Imagine living in a house that produces as much energy as it consumes; a house unaffected by power failures or ice storms?
That house is now a reality. The Alstonvale Net Zero Energy House, under construction in Hudson, Que., will demonstrate the attainability of a net-zero energy lifestyle without the use of fossil fuels or production of greenhouse gases.
The ANZEH was one of 12 winners chosen in 2007 by the Canada Mortgage and Housing Corporation’s nationwide EQuilibrium initiative, a sustainable housing program launched in 2006 and geared to net-zero emissions of carbon dioxide.
The merits of the proposals were measured on the basis of how well they achieve: net-zero energy consumption, a healthy indoor environment, a reduction in resource consumption, a low impact on the environment, affordability and the potential to build a similar house elsewhere in Canada.
Six of the houses have already been built and the rest are under construction.
When completed in June, the ANZEH house, about 60 kilometres west of Montreal, will be the “poster boy” of environmentally sustainable housing.
“The ANZEH kills two birds with one stone. It converts sunlight to electricity, and usable thermal heat,” architect Sevag Pogharian, the head of the ANZEH project, said.
“A net-zero energy house is tied to the utility’s electric grid and draws electricity from it. However, the key component is that it also generates electricity on site, through renewable means, and returns at least as much energy to the grid as it draws from it. This insures a zero-energy consumption balance with the grid over any 12-month period,” Pogharian said.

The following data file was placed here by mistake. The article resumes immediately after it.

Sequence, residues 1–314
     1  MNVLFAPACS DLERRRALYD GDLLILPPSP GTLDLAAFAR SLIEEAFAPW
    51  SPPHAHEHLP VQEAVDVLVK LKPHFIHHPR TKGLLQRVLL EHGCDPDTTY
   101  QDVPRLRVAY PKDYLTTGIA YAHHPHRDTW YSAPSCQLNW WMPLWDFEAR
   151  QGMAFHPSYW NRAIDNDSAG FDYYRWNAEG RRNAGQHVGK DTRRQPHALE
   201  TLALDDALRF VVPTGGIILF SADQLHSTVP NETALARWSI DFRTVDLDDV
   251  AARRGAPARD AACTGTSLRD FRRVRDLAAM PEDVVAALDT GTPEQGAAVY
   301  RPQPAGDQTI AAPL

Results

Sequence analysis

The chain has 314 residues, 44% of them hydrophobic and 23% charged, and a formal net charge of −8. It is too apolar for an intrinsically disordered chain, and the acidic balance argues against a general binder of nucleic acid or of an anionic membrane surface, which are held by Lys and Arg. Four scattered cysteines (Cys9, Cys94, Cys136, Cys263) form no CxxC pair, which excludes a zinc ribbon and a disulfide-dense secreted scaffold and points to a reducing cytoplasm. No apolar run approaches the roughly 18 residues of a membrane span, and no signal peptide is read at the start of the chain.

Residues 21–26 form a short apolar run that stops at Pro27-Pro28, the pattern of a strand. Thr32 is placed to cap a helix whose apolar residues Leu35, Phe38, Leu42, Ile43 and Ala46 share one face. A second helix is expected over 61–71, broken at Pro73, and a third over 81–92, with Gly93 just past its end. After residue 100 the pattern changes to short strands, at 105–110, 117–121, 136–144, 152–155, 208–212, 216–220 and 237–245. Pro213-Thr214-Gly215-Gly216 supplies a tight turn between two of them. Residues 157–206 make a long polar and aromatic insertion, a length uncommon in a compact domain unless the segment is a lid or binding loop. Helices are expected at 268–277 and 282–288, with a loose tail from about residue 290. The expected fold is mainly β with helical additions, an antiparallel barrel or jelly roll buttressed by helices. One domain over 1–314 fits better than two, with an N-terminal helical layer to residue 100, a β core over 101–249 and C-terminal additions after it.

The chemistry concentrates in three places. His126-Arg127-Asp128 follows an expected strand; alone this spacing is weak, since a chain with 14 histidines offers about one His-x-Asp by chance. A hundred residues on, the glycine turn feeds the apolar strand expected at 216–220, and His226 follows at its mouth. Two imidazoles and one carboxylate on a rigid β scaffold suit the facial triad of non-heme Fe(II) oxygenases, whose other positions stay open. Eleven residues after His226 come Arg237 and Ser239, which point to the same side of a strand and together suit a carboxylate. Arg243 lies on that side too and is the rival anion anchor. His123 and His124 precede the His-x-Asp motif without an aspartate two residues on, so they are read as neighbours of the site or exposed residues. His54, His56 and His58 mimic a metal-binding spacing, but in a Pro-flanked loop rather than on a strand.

It does this by relying on an innovative solar technology known as a building-integrated photovoltaic/thermal (PV/T), the latest development available in solar panel or module technology.
The Canadian-made panels will be placed on the building’s south-facing facade, harvesting the sun’s power and converting it to the electricity that runs the heat pumps, lights and appliances.
The thermal energy drawn from the modules is diverted to heating the water in a 4,500-litre water reservoir in the basement. The heat from the reservoir is used to produce hot water.
“We send all the electricity we make directly to the grid, and pull everything we need from the grid in order to run the electrical systems,” Pogharian said. “This is the most direct, constructive method of utilizing the energy the house produces.
“The idea is to generate all the energy needed for domestic and general requirements, including electricity to power an electric car, and integrated home-scale agriculture, which includes a small greenhouse.”